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Poetry in Translation (CLX): Lucian BLAGA (1922 – 1985), “Dernier mot” (Ultimul cuvânt)

January 26th, 2013 · No Comments · PEOPLE, Poetry, quotations, Translations, Uncategorized

Lucian-Blaga-Aforisme

Poetry in Translation (CLX): Lucian BLAGA (1922 – 1985), “Dernier mot” (Ultimul cuvânt)

DERNIER MOT (Ultimul cuvânt)
Lucian BLAGA (1922-1985)

Pèlerin d’étoiles,
j’ai perdu
l’antique zodiaque.
La vie, avec le sang et les contes
M’ont glissé entre les mains.
Qui me dirige sur l’eau?
Qui me passe à travers les flammes?
Contre les oiseaux, qui me protège?

Les routes m’ont chassé.
La terre de nulle part
Ne m’a appelé.
Je suis maudit!

Avec le chien et les flèches qui me restent
Je m’enterre,
à tes racines je m’enterre,
Dieu, arbre maudit.

En Français par Constantin ROMAN
Bucarest 1963, Londres, 2013
© 2013, Copyright Constantin ROMAN

Lancram, Trasylvania,
Lucian Blaga Memorial House

Lancram, Trasylvania,
Lucian Blaga Memorial House

BIOGRAPHICAL NOTE:
Lucian Blaga
(1895, b. Lancram, Transylvania, – d. Lancram, 1961),
Poet, Academic, Philospher, Historian, Political Prisoner

If Cioran is considered the contemporary extension of Nietsche, and his thoughts written in French are translated in many languages, Lucian’s Blaga’s works remain highly mystical, close to the primeval myth and to his village roots and, sadly, very little translated in foreign languages.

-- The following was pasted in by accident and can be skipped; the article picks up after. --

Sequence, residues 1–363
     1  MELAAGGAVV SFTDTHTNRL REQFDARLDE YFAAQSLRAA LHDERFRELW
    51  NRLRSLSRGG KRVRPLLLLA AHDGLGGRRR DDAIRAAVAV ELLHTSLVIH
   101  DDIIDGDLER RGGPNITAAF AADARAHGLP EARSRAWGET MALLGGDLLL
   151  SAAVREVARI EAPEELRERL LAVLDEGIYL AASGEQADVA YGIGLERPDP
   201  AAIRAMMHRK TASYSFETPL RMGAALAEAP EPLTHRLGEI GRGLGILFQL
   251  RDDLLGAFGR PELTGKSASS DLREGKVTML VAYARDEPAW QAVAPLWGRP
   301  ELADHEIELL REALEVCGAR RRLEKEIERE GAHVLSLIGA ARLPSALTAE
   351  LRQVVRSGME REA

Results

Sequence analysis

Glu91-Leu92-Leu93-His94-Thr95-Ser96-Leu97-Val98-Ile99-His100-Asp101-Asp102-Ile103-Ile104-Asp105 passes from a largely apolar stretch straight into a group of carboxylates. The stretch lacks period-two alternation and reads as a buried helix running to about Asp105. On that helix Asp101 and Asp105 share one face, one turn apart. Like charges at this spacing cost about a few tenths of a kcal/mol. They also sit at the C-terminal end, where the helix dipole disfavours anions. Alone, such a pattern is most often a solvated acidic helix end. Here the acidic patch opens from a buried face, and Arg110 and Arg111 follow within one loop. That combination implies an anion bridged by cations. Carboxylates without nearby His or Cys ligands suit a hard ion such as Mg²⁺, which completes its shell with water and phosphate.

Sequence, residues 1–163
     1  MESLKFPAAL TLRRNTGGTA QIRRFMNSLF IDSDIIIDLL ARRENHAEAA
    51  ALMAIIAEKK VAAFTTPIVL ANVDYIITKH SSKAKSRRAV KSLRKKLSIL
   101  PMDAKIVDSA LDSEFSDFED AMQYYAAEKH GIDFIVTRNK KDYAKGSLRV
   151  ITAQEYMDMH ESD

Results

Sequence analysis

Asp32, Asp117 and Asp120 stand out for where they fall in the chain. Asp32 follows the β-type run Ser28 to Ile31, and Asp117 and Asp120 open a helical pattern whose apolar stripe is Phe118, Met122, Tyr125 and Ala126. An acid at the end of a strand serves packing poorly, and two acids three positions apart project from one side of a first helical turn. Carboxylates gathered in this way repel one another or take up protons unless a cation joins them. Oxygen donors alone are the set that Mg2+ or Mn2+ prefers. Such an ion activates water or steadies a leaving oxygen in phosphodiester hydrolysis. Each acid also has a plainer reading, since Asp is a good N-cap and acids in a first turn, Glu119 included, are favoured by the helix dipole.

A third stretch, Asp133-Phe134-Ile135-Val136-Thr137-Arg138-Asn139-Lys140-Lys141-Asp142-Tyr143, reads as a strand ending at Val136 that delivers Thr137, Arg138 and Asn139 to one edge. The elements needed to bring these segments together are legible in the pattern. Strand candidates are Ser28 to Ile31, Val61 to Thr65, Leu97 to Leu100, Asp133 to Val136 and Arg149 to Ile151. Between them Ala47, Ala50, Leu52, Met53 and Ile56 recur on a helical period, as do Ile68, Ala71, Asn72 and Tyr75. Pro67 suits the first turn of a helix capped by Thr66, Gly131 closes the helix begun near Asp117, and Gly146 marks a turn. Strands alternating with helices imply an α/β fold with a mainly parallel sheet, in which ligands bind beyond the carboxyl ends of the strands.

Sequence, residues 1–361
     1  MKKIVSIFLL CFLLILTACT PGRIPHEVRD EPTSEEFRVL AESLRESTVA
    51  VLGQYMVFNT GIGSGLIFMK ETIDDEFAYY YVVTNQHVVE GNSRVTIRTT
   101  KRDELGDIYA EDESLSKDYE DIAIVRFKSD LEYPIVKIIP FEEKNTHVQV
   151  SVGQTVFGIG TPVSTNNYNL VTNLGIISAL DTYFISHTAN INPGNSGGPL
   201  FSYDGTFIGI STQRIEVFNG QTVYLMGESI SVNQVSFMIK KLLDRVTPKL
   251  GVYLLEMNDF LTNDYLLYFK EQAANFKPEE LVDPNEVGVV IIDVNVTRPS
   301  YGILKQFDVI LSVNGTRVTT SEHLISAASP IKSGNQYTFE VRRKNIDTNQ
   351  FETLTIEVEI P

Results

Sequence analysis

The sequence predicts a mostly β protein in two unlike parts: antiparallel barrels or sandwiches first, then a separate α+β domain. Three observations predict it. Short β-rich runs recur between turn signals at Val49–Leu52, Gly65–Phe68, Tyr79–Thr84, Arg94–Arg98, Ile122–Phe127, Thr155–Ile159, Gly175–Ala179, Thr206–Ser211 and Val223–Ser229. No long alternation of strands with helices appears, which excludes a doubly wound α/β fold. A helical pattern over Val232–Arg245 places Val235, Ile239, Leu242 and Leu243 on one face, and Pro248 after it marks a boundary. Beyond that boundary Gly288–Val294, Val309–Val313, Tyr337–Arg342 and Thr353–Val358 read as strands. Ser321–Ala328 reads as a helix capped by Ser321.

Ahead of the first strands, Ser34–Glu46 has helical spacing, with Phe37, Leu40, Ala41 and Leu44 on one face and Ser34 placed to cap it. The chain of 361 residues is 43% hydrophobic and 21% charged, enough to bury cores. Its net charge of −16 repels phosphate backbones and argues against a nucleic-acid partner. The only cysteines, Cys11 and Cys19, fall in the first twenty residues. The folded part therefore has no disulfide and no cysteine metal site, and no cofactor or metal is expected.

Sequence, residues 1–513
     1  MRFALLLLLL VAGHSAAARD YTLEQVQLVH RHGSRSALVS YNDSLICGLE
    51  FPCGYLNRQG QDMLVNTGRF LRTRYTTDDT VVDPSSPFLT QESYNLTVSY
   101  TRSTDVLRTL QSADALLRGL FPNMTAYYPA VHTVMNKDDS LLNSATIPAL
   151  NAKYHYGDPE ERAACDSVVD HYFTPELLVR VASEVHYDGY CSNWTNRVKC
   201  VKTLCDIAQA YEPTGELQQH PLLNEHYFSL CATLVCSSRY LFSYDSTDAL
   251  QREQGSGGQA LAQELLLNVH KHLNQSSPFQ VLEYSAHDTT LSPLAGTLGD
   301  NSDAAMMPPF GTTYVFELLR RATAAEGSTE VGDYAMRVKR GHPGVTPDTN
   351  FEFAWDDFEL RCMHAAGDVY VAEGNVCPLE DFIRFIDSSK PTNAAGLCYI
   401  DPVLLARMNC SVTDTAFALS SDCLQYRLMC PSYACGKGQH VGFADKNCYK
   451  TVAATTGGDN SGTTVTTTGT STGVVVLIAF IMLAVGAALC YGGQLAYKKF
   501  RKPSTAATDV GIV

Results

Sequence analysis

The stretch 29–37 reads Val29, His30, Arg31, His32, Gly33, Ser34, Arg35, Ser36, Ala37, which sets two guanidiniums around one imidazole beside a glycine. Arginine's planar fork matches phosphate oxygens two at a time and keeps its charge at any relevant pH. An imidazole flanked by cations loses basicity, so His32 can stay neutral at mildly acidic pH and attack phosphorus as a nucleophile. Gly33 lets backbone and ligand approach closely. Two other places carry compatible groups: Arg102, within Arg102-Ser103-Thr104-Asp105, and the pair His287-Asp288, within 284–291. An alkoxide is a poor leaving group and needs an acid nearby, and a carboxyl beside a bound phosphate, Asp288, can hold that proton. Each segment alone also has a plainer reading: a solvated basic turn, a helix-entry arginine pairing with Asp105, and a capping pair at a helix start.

Like Cioran, Blaga was born the son of an Orthodox priest in a small village of Transylvania at the time when this province was still part of the Habsburg empire. By the time of his maturity his contribution to Phylosophy and poetry was recognised by being elected a Fellow of the Romanian Academy, just before the Second World War. With the advent of Communism in Romania the last two decades of his life were spent in obscurity, interspersed with time in the Communist prisons, reduced to silence and physical incapacity.

Between 1943 and 1946 Blaga published some of his major philosophical works; the “Trilogy of Knowledge,” “The Trilogy of Culture” and the “Trilogy of Values”. Two further titles – the “Cosmogonic Trilogy” and the “Pragmatic Trilogy” respectively had their publication barred by the advent of the Marxist dictatorship. The philosopher is made to renounce, his ideas, under duress. He is dismissed from his Chair of Philosophy at the University of Cluj and compelled to take up a job as librarian. But soon he is forced to renounce even this modest position, for he spends more and more frequent spells in jail, as a political prisoner.
Lucian Blaga dies in 1961, only a few years after he is released from prison.
(Extract from “Voices and Shadows of the Carpathians”, by Constantin ROMAN)

Lucian Blaga's Memorial in his native Transylvanian village

Lucian Blaga’s Memorial in his native Transylvanian village

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